In addition, since various issues have been raised over the past years about the role of organizations to society, organizational leaders and managers have adapted the concept of corporate social responsibility wherein they consider what they can contribute to the improvement and development of society in terms of looking after the health and welfare of the people and the community, as well as the preservation of the environment, and the incorporation of legal concepts, ethics, and morality within the framework of organizational practices and operations.

The ever-changing landscape of organizations and their structures, as proven with aforementioned discussion of the various changes that took place throughout the years, leads to the assumption that the political system that exists within it is flexible and accommodating to these changes. Moreover, the political system within the organization is utilized according to current situations in order to balance vested interest not only of the organization but the workers and the external environment as well.

As a general rule, politics when applied to the organizational setting has something to do with resolving conflicts of interest within the organization whether it has something to do with the internal and external environment. (Ratzburg, 2002) Other takes on organizations as political systems look into the intrinsic need of its leaders to look after the position and best interest of the company, raising the need to do everything necessary to obtain power and manipulate people, processes, and such to their advantage.

(“Leadership and Organizational Politics,” N. D. ) Reviewing the role and purpose of politics within the organization reveals the fact that its success is dependent on how the political system is structured in order to resolve the conflicts within the organization and between the organization and other key players and how it utilizes power and authority to fulfill its goals, objectives, and interests.

Like the concepts of the organization as machine, an organization, a brain, or a culture, the political system is one of the main ingredients of success for organizations as it determines how well the organization will run like a machine, work like an organism, think like a brain, and act as a culture, since the political system is in charge of leading, managing, motivating, or directing the processes and operations that take place within the organization.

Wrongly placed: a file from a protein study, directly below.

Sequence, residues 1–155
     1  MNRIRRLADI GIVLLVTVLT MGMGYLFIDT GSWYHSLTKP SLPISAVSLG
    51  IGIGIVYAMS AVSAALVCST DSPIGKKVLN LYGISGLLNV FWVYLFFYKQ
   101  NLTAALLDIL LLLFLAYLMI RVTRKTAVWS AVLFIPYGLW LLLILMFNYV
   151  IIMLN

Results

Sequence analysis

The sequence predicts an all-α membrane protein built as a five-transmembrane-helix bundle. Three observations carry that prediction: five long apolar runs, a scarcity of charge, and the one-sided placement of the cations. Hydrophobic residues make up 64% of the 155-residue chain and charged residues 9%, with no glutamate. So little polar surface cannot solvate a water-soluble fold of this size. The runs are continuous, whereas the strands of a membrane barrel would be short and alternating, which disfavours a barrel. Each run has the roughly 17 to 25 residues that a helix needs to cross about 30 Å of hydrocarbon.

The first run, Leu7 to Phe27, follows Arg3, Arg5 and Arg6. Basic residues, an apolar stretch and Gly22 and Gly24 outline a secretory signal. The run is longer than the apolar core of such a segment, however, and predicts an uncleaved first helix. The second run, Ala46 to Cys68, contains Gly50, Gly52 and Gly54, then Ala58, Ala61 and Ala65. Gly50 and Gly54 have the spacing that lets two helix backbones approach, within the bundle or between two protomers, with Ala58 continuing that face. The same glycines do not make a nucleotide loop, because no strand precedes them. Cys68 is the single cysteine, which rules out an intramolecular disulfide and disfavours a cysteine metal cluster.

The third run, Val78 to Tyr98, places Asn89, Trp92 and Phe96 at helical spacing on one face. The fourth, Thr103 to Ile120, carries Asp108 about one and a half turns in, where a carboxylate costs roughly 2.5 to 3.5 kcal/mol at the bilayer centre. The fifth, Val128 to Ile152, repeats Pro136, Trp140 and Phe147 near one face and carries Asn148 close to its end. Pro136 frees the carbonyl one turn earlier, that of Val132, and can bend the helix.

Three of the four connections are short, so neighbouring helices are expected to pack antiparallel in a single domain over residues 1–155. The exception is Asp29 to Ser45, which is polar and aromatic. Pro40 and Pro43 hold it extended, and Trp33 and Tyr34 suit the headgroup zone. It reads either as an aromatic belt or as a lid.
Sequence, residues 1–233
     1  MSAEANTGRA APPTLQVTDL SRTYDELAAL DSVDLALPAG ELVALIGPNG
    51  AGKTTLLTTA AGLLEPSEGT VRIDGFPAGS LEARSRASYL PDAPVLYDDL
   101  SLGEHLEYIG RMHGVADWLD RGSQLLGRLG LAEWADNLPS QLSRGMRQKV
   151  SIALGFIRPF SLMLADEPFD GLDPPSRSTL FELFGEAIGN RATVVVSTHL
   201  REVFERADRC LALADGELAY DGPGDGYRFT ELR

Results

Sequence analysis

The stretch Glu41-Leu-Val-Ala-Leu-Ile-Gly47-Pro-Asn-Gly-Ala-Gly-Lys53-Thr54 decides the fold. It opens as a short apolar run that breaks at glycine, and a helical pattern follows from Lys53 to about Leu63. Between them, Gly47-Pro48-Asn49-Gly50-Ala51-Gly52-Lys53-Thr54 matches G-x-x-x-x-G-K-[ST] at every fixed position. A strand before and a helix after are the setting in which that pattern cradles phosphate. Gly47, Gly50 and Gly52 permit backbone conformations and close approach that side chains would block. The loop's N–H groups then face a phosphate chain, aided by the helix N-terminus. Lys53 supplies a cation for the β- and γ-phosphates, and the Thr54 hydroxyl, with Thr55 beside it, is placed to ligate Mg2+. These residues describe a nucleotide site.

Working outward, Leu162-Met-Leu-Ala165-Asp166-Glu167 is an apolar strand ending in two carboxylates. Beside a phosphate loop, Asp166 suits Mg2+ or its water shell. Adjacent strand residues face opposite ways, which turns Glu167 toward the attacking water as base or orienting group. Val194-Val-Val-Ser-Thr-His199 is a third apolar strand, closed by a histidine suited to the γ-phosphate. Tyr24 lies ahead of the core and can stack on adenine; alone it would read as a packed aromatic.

However, I believe that although the politics is highly instrumental in accomplishing organizational success in terms of the realization of established goals and objectives, there is a need to review and analyze how it should be incorporated to the policies and practices within the organization. There are various issues to consider, such as the internal and external environment, organizational goals and objectives, the availability of resources to implement the structure of the political system, and such.

Organizations should not only look into one recommendation, such as Kennedy’s discussion on organizational politics, the health care system, and culture of the workforce, but review the changes and trends in the organizational landscape in order to adapt leadership strategies and approaches that are timely and instrumental to the achievement of organizational success.

In addition, organizational leaders should keep in mind the diversity of the work force and varied structures of organizations which are determinants of how the political system should be established and implemented timely and appropriately. References Clark, D. (N. D. ) Leadership Styles. Retrieved December 9, 2008, from NWLink. Website: http://www. nwlink. com/~donclark/leader/leadstl. html Kennedy, M. M. (1998). The New Rules of Leadership and Organizational Politics – In the Trenches.

The Physician Executive. Retrieved December 9, 2009, from CBS Interactive Inc. Website: http://findarticles. com/p/articles/mi_m0843/is_1_24/ai_102286818 “Leadership and Organizational Politics. ” (N. D. ) Retrieved December 9, 2008, from Alagse. Website: http://www. alagse. com/leadership/l3. php Ratzburg, W. (2002). Defining Organizational Politics. Retrieved December 9, 2008, from Geocities. Website: http://www. geocities. com/Athens/Forum/1650/htmlpolitc01. html